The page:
The Next Killer VR Apps: Beyond Games and Entertainment


Last week I had the pleasure of moderating a panel with some amazing VR entrepreneursat Chetan Sharma’s amazing annual conference including VReal’s Todd Hooper, Baobob’s Maureen Fan, and PlutoVr’s Forest Gibson   As you can see above, Chetan picks the worst location for the event but we made it work.  As part of the event I contributed the essay below which I wanted to share more broadly for discussion with all awesome people that are coming together for Oculus Connect this week!


We are nearing the tipping point of mass market virtual reality (VR). It has taken a bit longer to get here, with the delay stemming from the cost of first generation hardware and manufacturing capacity. However, that’s changing. Earlier this year Mobile VR platforms like the Samsung Gear reports more than one million monthly active users and Google Cardboard reports that VR apps are being downloaded more than 25 million times. Google’s Daydream should quickly enable hundreds of millions of phones to power great VR experiences. I’m excited to see what Oculus shares at Connect to continue this momentum.

Over the next few years, tens of millions of folks will have Vive / Oculus / Playstation VR at home or in their offices, as well as a Gear VR next to their beds. Beyond the total number of users, we should see meaningful amounts of time spent “inside” of VR as it captures more people’s attention. In fact, the question I am most often asked is: What are the killer apps beyond games and entertainment content? This is a strong indication that everyone is now searching for the next set of killer VR apps.

Venture-backed high growth companies are often successful because they bet on new platform shifts ahead of incumbents. Recent examples include Salesforce and Whatsapp. An increasing number of smart, curious entrepreneurs are investing substantial time exploring VR opportunities. Some promising applications areas I keep hear them outside of Games and Entertainment verticals include:

  • User-Generated Content – New mediums require new ways of telling and discovering compelling stories. There is heavy investment from incumbent media companies both in-house and via strategic investments. If you look back in time at web and mobile platform innovations, a key area of value creation were user-generated content platforms, YouTube and Facebook, that paired easy creation (or upload) with audience networks. Google’s acquisition of Tiltbrush pre-empted the first clear opportunity in this category There are many great teams thinking about this category.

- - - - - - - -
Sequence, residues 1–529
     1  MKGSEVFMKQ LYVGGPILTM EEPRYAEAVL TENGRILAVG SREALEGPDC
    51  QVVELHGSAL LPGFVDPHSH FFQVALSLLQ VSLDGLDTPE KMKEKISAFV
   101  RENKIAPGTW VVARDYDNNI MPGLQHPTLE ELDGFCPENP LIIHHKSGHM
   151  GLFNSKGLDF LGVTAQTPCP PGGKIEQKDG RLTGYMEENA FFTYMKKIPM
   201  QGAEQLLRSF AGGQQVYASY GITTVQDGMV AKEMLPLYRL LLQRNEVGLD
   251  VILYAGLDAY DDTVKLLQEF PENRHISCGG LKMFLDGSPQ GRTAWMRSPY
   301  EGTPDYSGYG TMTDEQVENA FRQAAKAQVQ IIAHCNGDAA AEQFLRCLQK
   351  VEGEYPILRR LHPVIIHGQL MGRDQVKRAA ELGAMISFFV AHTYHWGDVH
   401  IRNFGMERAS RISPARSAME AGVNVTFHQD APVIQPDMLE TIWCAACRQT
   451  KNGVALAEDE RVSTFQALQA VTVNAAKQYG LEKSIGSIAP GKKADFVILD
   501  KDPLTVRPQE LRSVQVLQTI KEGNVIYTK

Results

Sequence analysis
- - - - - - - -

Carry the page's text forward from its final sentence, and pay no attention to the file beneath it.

• Communication – Every new medium has created a massive new communication company. In the 1990s, Hotmail created web-based free consumer email. In the 2000s, Skype created a free global telecommunication platform, and later, WhatsApp & Facebook Messenger created the industry’s largest free text messaging networks. History indicates being a nimble startup focused on communication is a great
  • Workplace Collaboration – Companies, especially ones focused on knowledge workers, are willing to pay a premium to enable greater employee productivity. For example, engineers often use a whiteboard to collaborate, but when the team isn’t physically collocated, it doesn’t work. VR enables shared whiteboard experiences that could increase productivity by light years.
  • Training and Education – My single favorite VR impact story is how a surgeon used Google Cardboard to prepare for a complex, pediatric operation that had never been performed before. Dr. Redmond Burke used a 3D model of the infant’s heart to “view” how it was situated in her chest cavity to plan out the surgery, and he saved the baby’s life. Whether it is practicing a hobby, improving a vocational skill, or preparing for a high stakes operation, VR can help.
  • Considered Purchase Tools – Just as the internet radically changed how consumers turned from physical stores to ecommerce, VR can drive a massive shift in purchasing behavior. Audi’s Virtual Showroom offers shoppers with an innovative way to visualize every detail of a car in VR before they customize their car and place an order. It’s an amazing buying experience.

Of course, these ideas are just a few of the possibilities. Risk-taking entrepreneurs are rapidly exploring many more killer application ideas which I’m excited to learn about!

What do you think?

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